Canada joins allies in mass expulsion of Syrian diplomats
Baird says two remaining Syrian diplomats 'not welcome' while masters commit 'heinous and murderous acts'
Canada has joined its allies in a co-ordinated expulsion of Syrian diplomats, as the Assad regime continues to engage in brutal violence against its own people.
Foreign Affairs Minister John Baird said in a statement early Tuesday that despite calls from around the world asking President Bashar al-Assad for a ceasefire, his regime's "reprehensible campaign of savage violence continues unabated."
All Syrian diplomats, including the Ottawa-based chargé daffaires, Bashar Akbik, now have five days to leave Canada. The embassy's website also lists Yasser Kherdaji as the head of mission in Syria's consulate in Toronto.
Speaking to reporters on Parliament Hill later Tuesday morning, Baird said the government was "deeply offended and outraged by the actions that occurred in Syria this past weekend by the government and thugs supporting the government" in the Syrian area of Houla.
"One of the most fundamental responsibilities that governments have is to protect their people. Assad for more than a year now has waged war on his own people," Baird said.
At least 30 children under the age of 10 were among the dead in the May 25 massacre in Houla, and reports suggest families were summarily executed in their homes, according to the United Nations.
Survivors of the Houla massacre blamed pro-regime gunmen for at least some of the carnage as the killings reverberated inside Syria and beyond, further isolating Assad and embarrassing his few remaining allies.
The Syrian regime has denied any role in the massacre, blaming the killings on "armed terrorists" who attacked army positions in the area and slaughtered innocent civilians. It has provided no evidence to support its narrative, nor has it given a death toll.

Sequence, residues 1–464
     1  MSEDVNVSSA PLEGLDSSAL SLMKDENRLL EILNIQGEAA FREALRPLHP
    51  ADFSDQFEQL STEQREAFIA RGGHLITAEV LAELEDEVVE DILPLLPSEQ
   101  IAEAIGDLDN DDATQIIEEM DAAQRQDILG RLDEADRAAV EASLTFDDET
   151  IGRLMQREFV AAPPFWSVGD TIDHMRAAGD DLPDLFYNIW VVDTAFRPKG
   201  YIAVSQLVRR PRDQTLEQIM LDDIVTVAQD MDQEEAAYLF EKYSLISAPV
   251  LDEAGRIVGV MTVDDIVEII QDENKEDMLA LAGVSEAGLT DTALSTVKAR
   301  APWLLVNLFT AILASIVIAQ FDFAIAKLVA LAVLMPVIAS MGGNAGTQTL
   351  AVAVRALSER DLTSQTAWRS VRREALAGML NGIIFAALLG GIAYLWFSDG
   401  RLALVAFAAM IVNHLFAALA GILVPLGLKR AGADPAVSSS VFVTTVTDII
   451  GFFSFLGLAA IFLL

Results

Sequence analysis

'Co-ordinated effort,' Baird says
"Canada is acting in a co-ordinated effort with our closest partners who are pursuing similar actions," Baird's statement said.
The U.S. State Department announced on Tuesday that the Syrian chargé d’affaires in Washington, Zuheir Jabbour, was being expelled from the United States.
"We hold the Syrian government responsible for this slaughter of innocent lives. This massacre is the most unambiguous indictment to date of the Syrian government’s flagrant violations of its UN Security Council obligations," the State Department release said.
Great Britain, France, Italy, Spain, Germany and Australia also announced expulsions of Syrian diplomats posted in their respective countries Tuesday.
"These Syrian representatives are not welcome in our countries while their masters in Damascus continue to perpetrate their heinous and murderous acts," the Baird statement said.
Only two Syrian diplomats are believed to be in Canada at the moment. Another Syrian diplomat awaiting passage to Ottawa from Syria will be refused entry.
Canada had increased sanctions against the Assad regime as the violence escalated over the last year, but had not yet taken the step of expelling its diplomats.
Canada previously froze all assets and prohibited all dealings with members of the Syrian government and its central bank. It also prohibits new investments in the Syrian petroleum industry, in which Canada remains a significant player.
Canada is the third-largest direct foreign investor in Syria, thanks to its participation in the oil and gas sector.
Targeted sanctions now in force include a ban of all imports from Syria into Canada, including petroleum products but excluding food for human consumption.
Most recently, Canada banned the export of all luxury goods to Syria on May 18.